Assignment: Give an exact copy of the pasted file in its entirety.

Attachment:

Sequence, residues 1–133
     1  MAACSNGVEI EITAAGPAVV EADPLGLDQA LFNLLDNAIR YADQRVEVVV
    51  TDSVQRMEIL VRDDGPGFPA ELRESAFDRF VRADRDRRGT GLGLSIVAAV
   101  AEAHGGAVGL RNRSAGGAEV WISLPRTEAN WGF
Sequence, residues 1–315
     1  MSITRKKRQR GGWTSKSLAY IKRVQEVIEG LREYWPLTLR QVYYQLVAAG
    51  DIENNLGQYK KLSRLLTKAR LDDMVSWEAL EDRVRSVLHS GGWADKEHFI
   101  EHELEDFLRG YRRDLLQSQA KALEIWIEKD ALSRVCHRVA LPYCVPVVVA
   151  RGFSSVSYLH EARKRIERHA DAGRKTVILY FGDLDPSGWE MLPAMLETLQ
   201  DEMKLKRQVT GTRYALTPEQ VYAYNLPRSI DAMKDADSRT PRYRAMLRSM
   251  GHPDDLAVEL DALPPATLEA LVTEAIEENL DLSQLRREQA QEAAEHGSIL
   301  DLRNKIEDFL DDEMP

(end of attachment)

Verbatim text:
Sequence, residues 1–133
     1  MAACSNGVEI EITAAGPAVV EADPLGLDQA LFNLLDNAIR YADQRVEVVV
    51  TDSVQRMEIL VRDDGPGFPA ELRESAFDRF VRADRDRRGT GLGLSIVAAV
   101  AEAHGGAVGL RNRSAGGAEV WISLPRTEAN WGF
Sequence, residues 1–315
     1  MSITRKKRQR GGWTSKSLAY IKRVQEVIEG LREYWPLTLR QVYYQLVAAG
    51  DIENNLGQYK KLSRLLTKAR LDDMVSWEAL EDRVRSVLHS GGWADKEHFI
   101  EHELEDFLRG YRRDLLQSQA KALEIWIEKD ALSRVCHRVA LPYCVPVVVA
   151  RGFSSVSYLH EARKRIERHA DAGRKTVILY FGDLDPSGWE MLPAMLETLQ
   201  DEMKLKRQVT GTRYALTPEQ VYAYNLPRSI DAMKDADSRT PRYRAMLRSM
   251  GHPDDLAVEL DALPPATLEA LVTEAIEENL DLSQLRREQA QEAAEHGSIL
   301  DLRNKIEDFL DDEMP